The storm surge flooding in the Norfolk area was exacerbated by the fact that sea level has risen and the land has subsided significantly over the past century. Over the past 60 years, absolute sea level along the coast of Virginia has risen by about 2.6 mm/year. However, the relative sea level has risen by 4.44 mm/year since 1927 (Figure 4), meaning that the land has sunk by about 1.84 mm/year. The net result is that the ocean is now about 1.16 feet higher at Norfolk than it was in 1927. The Norfolk tide gauge shows the highest rate of relative sea level rise of any gauge on the U.S. East Coast (though relative sea level rise is much higher along the Gulf Coast, with rises near 3 feet/century at New Orleans). Thus, today's 5+ foot storm surge brought water more than a foot higher in Norfolk than the 5+ foot storm surge of the 1933 hurricane. Storm surge damages will steadily increase along the entire coast this century as sea level rise accelerates and coastal development continues. It is urgent that government take action in coming years to limit development in vulnerable coastal regions. The ocean is going flood our sand castles that we are building in harm's way, at an ever increasing rate.


Figure 4. Monthly mean sea level at the Sewells Point, VA tide gauge in Norfolk, without the regular seasonal fluctuations due to coastal ocean temperatures, salinities, winds, atmospheric pressures, and ocean currents. The long-term linear trend is also shown, including its 95% confidence interval. Relative sea level has increased by 1.16 feet since 1927, the highest rate of rise on the U.S. East Coast. Image credit: NOAA Tides and Currents.

Portlight responding to the flooding in Virginia
Portlight.org is deploying up to 3 self-sufficient mobile kitchens capable of feeding over 2000 people a day to the Virginia coast. They will be providing meals for first responders, volunteers, and, of course, affected residents. Donations are welcome--visit the portlight blog to learn more and make a PayPal donation. Thanks!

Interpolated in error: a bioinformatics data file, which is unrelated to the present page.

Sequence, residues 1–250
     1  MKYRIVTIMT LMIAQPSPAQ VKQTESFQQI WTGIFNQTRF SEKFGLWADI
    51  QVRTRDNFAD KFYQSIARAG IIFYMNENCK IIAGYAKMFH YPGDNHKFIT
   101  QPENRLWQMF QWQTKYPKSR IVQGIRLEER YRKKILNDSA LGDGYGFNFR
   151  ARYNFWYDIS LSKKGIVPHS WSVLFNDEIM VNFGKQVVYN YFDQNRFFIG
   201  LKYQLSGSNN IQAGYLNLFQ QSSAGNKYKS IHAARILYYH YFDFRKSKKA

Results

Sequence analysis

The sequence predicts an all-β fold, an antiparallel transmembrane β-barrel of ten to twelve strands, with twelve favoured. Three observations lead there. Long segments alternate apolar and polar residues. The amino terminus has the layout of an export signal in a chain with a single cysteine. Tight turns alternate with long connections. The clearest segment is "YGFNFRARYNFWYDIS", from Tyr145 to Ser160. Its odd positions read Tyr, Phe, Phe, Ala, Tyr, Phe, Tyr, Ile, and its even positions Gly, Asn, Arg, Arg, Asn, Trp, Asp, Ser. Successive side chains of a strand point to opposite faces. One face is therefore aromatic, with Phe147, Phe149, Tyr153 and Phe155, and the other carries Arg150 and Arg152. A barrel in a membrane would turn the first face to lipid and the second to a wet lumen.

Take action: sign the QuikSCAT letter
The QuikSCAT satellite, launched in 1999, provides crucial measurements of surface wind speed and direction over Earth's oceans twice per day. Forecasters world-wide have come to rely on data from QuikSCAT to issue timely warnings and make accurate forecasts of tropical and extratropical storms, wave heights, sea ice, aviation weather, iceberg movement, coral bleaching events, and El Niño. QuikSCAT's antenna is expected to fail within the next six months, according to engineers at NASA/JPL, and QuikSCAT data has already been removed from our global weather forecast models, due to concerns about data reliability.

There exists a narrow window of opportunity in the next few days to get the wheels in motion to launch a QuikSCAT replacement instrument on a Japanese satellite in 2015. The funding for this must start within the next budget cycle, and there is currently no funding in place for a replacement QuikSCAT. If we miss this this opportunity, it may be ten years or more before a QuikSCAT replacement can be launched. To this end, I urge all of you to sign the QuikSCAT funding letter being presented to John Holdren, Director of the White House Office of Science and Technology Policy.

The letter is at: http://coaps.fsu.edu/scatterometry/statement/.

If you agree with the letter, please sign it (via the web site) as soon as possible: there is a very small window of opportunity to influence the next budget cycle, with this window closing within a few days.

Note that to validate your signature you must type the validation code in the bottom box. This code is the word that appears after 'code =', then click on the sign button.

For more information on QuikSCAT, see my post, The case for a new QuikSCAT satellite.


Figure 5. NASA's QuikSCAT satellite, launched in 1999. Image credit: NASA.

Expect a new blog until Monday, when I'll discuss the outlook for the remainder of hurricane season. It is finally over?

Jeff Masters

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Quoting Chicklit:
Hello you Handsome Boy! (as Katherine Hepburne might have said).